Early indications are that the 2005 holiday buying season will be a success for retailers both online and in stores, with computers, video games and other electronics among the best-selling items.
From Apple to Wal-Mart, the first round of results from the hotly anticipated holiday buying season point toward another banner year for consumer electronics retailers and e-commerce sites.
A number of sources reported strong demand from consumers in the retail market on Monday as buyers flocked to stores and Web sites over the weekend.
The unofficial kickoff to the annual end-of-the-year consumer spending spree came the day after the Thanksgiving holiday, a day that is increasingly being referred to as "Black Friday."
The event takes its colorful nickname for helping consumer products manufacturers and distributors achieve profitability, or get "into the black," for the year.
According to Internet statisticians Nielsen/NetRatings, the first weekend of the holiday buying season was a resounding success for online retailers, or e-tailers, as the New York-based research group reported a 29 percent increase in its eShopping Index, which measures e-commerce site traffic.
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Nielsen/NetRatings said that based on the survey of over 100 e-tail companies, those firms drew 17.2 million unique visits on Friday alone, a substantial increase over the 13.3 million hits that e-commerce sites tracked by the group attracted on the same day last year.
Among the big winners according to Nielsen/NetRatings results were online auctioneer eBay Inc., e-tailer Amazon.com and the Web site for Wal-Mart Stores Inc.
The research firm reported that eBay was the top online retailer on Black Friday, with 9.5 million unique visitors, followed by Amazon and Wal-Mart Stores, which drew 4.6 million and 3.4 million unique visitors, respectively.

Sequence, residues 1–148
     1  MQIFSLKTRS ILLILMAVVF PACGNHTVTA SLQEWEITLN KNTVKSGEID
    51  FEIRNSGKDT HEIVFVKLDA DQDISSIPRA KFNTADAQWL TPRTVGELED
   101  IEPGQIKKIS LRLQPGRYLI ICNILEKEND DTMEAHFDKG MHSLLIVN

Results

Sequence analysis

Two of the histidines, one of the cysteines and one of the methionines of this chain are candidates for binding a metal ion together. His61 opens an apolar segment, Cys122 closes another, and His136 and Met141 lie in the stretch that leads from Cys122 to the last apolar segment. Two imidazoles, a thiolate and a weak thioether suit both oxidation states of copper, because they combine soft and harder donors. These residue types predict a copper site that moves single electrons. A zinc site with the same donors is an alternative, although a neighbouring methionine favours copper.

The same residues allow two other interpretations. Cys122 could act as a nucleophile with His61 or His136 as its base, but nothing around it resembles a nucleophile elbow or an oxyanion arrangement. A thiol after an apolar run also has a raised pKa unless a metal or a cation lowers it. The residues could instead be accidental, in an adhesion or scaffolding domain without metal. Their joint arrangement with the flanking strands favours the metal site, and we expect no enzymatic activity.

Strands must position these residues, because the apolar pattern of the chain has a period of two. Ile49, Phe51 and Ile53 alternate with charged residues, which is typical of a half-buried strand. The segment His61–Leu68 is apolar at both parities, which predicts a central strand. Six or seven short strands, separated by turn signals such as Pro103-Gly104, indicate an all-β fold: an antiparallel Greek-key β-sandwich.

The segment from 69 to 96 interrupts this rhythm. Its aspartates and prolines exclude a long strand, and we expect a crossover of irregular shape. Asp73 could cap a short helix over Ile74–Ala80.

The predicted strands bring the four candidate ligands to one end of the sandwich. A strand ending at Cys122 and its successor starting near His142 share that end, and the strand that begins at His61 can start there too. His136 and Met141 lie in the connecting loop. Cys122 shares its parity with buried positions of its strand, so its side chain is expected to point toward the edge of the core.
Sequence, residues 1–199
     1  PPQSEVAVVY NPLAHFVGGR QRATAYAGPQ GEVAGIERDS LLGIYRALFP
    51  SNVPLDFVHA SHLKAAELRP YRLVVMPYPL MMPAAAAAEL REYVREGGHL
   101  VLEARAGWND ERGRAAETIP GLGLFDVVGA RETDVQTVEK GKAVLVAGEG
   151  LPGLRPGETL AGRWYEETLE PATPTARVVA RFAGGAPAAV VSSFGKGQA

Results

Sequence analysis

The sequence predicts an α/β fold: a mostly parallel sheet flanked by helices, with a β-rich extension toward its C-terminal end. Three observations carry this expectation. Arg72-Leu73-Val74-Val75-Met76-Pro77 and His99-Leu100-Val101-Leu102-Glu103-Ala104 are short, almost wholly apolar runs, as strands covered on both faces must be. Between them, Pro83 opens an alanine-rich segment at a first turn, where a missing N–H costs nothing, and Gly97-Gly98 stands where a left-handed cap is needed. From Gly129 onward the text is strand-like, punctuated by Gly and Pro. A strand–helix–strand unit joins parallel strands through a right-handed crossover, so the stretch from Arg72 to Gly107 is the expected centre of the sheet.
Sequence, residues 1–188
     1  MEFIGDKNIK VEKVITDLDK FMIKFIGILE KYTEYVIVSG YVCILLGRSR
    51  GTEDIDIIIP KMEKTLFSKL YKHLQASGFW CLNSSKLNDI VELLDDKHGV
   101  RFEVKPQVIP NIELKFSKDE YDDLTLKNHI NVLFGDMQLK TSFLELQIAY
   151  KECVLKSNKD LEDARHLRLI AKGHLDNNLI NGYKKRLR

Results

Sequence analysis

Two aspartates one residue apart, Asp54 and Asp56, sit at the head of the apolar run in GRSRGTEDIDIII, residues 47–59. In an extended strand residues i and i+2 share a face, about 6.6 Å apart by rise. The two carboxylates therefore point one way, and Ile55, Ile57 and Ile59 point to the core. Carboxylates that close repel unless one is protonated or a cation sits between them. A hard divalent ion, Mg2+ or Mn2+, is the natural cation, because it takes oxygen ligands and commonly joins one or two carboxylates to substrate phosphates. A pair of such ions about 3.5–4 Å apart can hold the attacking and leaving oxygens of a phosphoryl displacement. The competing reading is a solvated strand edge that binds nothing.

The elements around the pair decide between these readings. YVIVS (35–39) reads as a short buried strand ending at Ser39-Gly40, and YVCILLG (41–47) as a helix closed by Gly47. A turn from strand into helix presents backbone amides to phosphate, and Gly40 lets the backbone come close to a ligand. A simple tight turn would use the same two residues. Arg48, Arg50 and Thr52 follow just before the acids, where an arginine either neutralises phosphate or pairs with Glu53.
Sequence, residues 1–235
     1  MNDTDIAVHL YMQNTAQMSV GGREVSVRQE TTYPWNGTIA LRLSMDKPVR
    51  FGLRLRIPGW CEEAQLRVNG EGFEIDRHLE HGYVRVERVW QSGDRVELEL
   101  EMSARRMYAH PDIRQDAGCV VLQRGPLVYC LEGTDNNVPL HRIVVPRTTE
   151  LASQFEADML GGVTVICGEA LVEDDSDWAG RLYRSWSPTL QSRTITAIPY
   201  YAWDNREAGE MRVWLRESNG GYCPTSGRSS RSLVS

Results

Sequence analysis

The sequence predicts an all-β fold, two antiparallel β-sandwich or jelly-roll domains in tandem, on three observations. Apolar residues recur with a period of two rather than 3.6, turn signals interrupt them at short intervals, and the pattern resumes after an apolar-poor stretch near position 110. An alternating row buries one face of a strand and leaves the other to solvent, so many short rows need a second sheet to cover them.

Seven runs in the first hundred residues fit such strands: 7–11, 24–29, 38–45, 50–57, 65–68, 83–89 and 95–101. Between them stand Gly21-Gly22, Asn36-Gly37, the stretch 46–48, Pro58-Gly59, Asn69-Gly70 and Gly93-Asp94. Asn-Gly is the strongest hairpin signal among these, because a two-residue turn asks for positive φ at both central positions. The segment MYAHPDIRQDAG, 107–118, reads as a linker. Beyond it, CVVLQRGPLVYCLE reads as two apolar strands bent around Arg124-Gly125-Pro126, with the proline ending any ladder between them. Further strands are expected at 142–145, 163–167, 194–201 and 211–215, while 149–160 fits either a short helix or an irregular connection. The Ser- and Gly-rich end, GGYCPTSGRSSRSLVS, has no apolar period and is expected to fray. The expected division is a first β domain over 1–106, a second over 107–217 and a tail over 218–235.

Rounding out the top five performers were the sites of retail chains Target Corp. and Best Buy Co., which attracted unique audiences of 2.9 million and 2.1 million, respectively.
The same group of retailers led Nielsen/NetRatings 2004 Black Friday list, and were joined in the top ten this year by Circuitcity.com, Dell.com and the Shopzilla.com Network.
According to researchers at the National Retail Federation, which is based in Washington and represents the interests of the retail industry, over 145 million people hit the stores and the Internet over the weekend with the average consumer spending just over $300.
If accurate, that figure would indicate that total revenue for retailers was $27.8 billion, a sizeable 21.9 percent increase over the $22.8 billion spent over the same timeframe in 2004.
The NRF estimated that over 60 million people hit retail stores and sites on Black Friday, representing an increase of 7.9 percent over the same day last year.
The industry group said that an additional 52.8 million shoppers were out on Saturday, a gain of 13.3 percent over 2004, and reported that as many as 22 million people hit retailers on Sunday.
Despite the early returns, NRF executives pointed out that retailers will need to drive additional sales to meet last years figures and improve on 2004 results.
"As expected, retailers offered substantial discounts and savings on Black Friday to bring people into their stores and consumers held up their end of the bargain by shopping," NRF CEO Tracy Mullin said in a statement.
Stores will not rest on their laurels.